1 Division of Clinical Care and Research, Institute of Human Virology, University of Maryland School of Medicine, Baltimore, Maryland, United States.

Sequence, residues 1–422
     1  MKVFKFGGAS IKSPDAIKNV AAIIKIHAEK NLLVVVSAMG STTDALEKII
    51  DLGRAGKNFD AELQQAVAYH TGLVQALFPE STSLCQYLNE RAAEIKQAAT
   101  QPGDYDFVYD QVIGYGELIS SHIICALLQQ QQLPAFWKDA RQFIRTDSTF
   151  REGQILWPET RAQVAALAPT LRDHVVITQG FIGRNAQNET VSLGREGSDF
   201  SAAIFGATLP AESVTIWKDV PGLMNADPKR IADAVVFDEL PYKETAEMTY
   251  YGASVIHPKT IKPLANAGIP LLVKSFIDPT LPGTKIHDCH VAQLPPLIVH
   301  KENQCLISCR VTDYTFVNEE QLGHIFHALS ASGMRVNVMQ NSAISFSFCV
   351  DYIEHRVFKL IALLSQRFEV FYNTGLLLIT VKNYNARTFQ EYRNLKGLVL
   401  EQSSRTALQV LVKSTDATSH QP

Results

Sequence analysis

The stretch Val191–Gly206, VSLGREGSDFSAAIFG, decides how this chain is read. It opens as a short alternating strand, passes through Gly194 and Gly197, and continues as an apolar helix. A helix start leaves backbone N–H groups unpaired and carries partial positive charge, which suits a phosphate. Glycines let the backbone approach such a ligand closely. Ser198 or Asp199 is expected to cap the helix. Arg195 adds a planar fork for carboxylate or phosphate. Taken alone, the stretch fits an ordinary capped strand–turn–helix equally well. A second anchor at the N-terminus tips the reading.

Hepatitis B surface antigen (HBsAg) level plays an important role in conjunction with other markers such as hepatitis B envelope antigen (HBeAg) and hepatitis B virus (HBV) deoxyribonucleic acid levels to predict disease activity in chronic Hepatitis B (CHB). Quantification of HBsAg is useful in differentiating carriers from active hepatitis in HBeAg negative patients, and current guidelines recommend monitoring of pegylated interferon alpha treatment in CHB infection. However, there are only few studies about the role of quantitative HBsAg (qHBsAg) monitoring in HIV-HBV coinfected patients. Studies have shown that tenofovir based antiretroviral therapy regimen leads to a very slow decline in HBsAg levels and a predicted time of 10-42 years to lose the HBsAg, in majority of patients. Rapid drop in HBsAg levels and gain in CD4 within the 1st year of treatment and low baseline HBsAg level are associated with faster seroconversion. The reported rate of HBsAg loss in this population is < 15%. In this review, we discuss utility of qHBsAg in monitoring disease activity and treatment in HIV-HBV coinfected population.